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Captain C A J Keeling
Late Grenadier Guards
by Colonel A T W Duncan LVO OBE
formerly Grenadier Guards

Christopher Keeling died peacefully in his sleep, at his London home on Friday 26th April 2019, He was 88.
Christopher was born in London on 15th June 1930. His father was Sir Edward Keeling, MC MP, at that time Mayor of Westminster and Conservative Member of Parliament for Twickenham.

Following the Dragon School, Eton and Sandhurst, Christopher joined the 3rd Battalion Grenadier Guards at Chelsea Barracks in July 1950. His contemporaries were Hugh Hertford, Alan Hissey, Mike Button, Richard Besly and a rather stout Indian officer on attachment called Major Singh. Richard Besly recalls that the latter was a great advantage as they never got seriously chased on the square in case Singh collapsed!

In July 1951 the Battalion boarded a troopship for Tripoli; this became an excellent training ground as, shortly after its arrival, the situation in the Canal Zone deteriorated and the Battalion moved to Tobruk on board the cruiser HMS Liverpool. After a few weeks, during which it was possible to visit the underground hospital and other wartime sites of interest, the Battalion continued its move to the Canal Zone where it remained for three years in a camp at Deversoir. During this tour Christopher shared a tent with Richard Besly, plus a bulldog named Carlos which had been left with them by a brother officer.

Christopher and Richard were frequently in front of the Adjutant, Hew Hamilton-Dalrymple, for various misdemeanours. Richard recalls one occasion in the French Club in Ismailia, when Christopher stuck a pin into the backside of the manager, a large stout Frenchman who was singing a song with the dance band. The culprit was discovered, and both were thrown out!

On another occasion, after a considerable amount to drink in the Officers Club in Fayid, they were both asked to leave; having driven back to camp and parked the car, they emerged remarking to each other at the same time, ‘Thank God I wasn’t driving!’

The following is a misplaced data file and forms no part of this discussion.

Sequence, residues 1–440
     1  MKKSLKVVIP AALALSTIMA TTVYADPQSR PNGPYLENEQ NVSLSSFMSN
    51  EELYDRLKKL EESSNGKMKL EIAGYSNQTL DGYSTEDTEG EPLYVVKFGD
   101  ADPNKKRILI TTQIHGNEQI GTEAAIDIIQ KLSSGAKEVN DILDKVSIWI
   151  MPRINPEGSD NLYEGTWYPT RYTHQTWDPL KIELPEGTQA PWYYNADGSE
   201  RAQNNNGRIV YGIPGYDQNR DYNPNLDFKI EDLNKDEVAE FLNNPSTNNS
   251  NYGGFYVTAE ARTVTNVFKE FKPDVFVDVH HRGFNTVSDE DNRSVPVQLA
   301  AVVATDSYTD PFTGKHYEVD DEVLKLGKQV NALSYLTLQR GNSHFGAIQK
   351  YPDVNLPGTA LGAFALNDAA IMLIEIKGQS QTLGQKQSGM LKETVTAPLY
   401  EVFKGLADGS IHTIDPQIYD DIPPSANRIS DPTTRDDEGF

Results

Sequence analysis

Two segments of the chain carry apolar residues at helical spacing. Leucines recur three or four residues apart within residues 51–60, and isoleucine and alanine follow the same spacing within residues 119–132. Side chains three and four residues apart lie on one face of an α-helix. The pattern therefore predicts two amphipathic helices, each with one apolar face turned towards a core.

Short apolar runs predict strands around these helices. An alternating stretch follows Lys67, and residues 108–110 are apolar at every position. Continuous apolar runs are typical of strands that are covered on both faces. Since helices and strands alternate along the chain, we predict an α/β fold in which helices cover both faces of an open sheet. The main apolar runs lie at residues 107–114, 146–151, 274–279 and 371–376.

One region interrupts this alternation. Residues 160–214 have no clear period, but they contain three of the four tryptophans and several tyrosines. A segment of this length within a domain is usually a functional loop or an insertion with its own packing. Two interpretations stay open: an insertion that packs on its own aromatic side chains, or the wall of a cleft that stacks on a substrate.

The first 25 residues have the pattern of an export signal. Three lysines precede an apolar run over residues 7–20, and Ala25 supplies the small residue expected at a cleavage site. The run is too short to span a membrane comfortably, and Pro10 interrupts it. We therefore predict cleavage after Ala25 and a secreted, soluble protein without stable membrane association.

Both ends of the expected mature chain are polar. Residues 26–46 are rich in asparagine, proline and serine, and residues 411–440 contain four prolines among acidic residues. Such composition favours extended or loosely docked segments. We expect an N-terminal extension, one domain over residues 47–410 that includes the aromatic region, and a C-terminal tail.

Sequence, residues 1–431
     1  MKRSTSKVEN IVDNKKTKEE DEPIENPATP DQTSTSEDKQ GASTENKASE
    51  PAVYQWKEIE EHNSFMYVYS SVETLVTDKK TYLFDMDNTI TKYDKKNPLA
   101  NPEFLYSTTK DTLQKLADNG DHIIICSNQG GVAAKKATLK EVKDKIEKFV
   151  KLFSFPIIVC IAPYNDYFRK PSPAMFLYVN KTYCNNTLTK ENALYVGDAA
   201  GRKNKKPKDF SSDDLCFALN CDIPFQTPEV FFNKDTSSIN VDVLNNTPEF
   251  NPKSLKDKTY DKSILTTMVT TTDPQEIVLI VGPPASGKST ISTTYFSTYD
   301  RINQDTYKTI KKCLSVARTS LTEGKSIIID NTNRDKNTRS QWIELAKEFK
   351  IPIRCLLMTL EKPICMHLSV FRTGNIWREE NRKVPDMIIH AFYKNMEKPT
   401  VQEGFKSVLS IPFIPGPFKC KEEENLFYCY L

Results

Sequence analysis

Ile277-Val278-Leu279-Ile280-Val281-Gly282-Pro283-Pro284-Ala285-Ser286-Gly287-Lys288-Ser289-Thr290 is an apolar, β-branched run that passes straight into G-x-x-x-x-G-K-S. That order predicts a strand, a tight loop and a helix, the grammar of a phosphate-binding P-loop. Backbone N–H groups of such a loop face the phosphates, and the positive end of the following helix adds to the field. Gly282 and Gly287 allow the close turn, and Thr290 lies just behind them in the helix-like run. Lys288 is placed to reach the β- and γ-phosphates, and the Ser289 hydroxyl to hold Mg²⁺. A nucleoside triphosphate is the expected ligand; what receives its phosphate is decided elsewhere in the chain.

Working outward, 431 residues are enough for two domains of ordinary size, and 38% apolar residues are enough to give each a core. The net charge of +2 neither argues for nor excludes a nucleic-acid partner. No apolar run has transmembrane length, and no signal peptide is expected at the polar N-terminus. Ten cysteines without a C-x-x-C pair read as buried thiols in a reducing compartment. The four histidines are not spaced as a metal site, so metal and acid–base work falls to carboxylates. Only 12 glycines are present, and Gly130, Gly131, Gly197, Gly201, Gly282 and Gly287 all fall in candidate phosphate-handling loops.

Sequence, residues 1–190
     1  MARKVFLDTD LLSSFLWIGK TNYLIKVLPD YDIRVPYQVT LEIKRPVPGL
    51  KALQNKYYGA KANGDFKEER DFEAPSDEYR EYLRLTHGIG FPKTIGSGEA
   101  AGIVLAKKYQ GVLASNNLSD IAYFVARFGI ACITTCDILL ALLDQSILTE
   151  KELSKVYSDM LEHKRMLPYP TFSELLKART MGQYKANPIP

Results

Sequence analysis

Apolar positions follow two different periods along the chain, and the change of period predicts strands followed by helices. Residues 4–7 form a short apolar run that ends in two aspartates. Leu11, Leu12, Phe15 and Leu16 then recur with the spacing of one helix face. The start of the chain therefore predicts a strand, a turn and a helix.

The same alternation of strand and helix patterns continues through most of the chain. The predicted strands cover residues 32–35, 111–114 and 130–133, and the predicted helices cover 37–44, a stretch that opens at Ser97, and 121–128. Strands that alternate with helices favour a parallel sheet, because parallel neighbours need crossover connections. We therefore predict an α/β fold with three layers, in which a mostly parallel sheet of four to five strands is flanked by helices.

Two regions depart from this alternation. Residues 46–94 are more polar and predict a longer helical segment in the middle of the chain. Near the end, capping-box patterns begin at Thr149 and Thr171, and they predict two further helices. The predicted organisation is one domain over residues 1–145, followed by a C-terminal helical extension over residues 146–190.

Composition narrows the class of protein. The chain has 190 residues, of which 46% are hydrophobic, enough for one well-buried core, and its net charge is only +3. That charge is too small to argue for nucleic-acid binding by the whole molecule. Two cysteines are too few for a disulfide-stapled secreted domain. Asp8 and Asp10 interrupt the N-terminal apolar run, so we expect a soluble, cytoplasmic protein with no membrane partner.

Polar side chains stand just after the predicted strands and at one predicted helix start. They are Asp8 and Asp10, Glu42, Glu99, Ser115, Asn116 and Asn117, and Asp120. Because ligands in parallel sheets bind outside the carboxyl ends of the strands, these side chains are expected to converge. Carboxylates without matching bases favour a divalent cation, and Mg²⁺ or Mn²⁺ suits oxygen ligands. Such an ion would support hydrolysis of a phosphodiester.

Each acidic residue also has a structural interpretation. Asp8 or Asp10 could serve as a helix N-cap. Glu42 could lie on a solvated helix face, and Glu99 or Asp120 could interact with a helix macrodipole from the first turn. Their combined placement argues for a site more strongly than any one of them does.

In June 1953, Christopher was selected to be one of the officers of a Guard size detachment which flew back to London to represent the Battalion at the Coronation. The Battalion returned to England later that year, by which time Christopher was the Battalion’s Signals Officer. He had, however, decided to retire and take up a career in the City, opting for the insurance market at Lloyds of London. After working as a broker and underwriter he became a managing agent for non-working names at Lloyds, the majority of whom lived abroad. For decades he made annual trips to Australia, the US, Asia and Southern Africa where many of these names, despite the fluctuating fortunes of their investments, became lifelong friends. He loved his work, mainly due to the people he met, and did not retire until late into his 80’s.

 In spite of his business responsibilities and varied pursuits, he never lost interest in the Regiment and was at heart a traditionalist. He regularly attended the First Guards Club and was Vice-President of the London Branch of the Association; his commitment to the Regimental Reserve of Officers resulted in his being called back for duty with the 3rd Battalion during the Suez Crisis in 1956. His splendid house on the Thames Embankment held a treasure trove of Grenadier memorabilia, including pictures, figurines, in silver, bronze and china, and bound copies of the Journal of the Brigade of Guards. All these items he has most generously bequeathed to the Regiment and the Guards Museum.

Away from work he was a very enthusiastic shot and was passionate about cricket, belonging to the MCC and travelling abroad to watch England in Test matches in Australia, South Africa and the West Indies – but not as part of the Barmy Army! An avid reader, he devoured several books a month, including memoires, history, military history and the occasional novel. He was also an enthusiastic stamp collector from early childhood to his last days, and a good bridge player. He was also devoted to his Border Terriers,

Christopher married first in 1955 Veronica Waugh, with whom he had two sons, the eldest of whom tragically died in India in 1981, and a daughter. The marriage was dissolved and in 1974 he married Rachel MacDonald who predeceased him in 2016. He is survived by his son Julian, and his daughter Nicola.

A Memorial Service for Christopher was held in the Guards Chapel on Thursday 10th October 2019.

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